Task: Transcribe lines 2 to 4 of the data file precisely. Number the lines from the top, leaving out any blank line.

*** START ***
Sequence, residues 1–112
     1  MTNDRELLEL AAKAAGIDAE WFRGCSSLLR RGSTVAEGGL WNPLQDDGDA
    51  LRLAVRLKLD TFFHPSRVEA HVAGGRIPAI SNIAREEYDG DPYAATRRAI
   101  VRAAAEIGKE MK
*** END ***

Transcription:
     1  MTNDRELLEL AAKAAGIDAE WFRGCSSLLR RGSTVAEGGL WNPLQDDGDA
    51  LRLAVRLKLD TFFHPSRVEA HVAGGRIPAI SNIAREEYDG DPYAATRRAI
   101  VRAAAEIGKE MK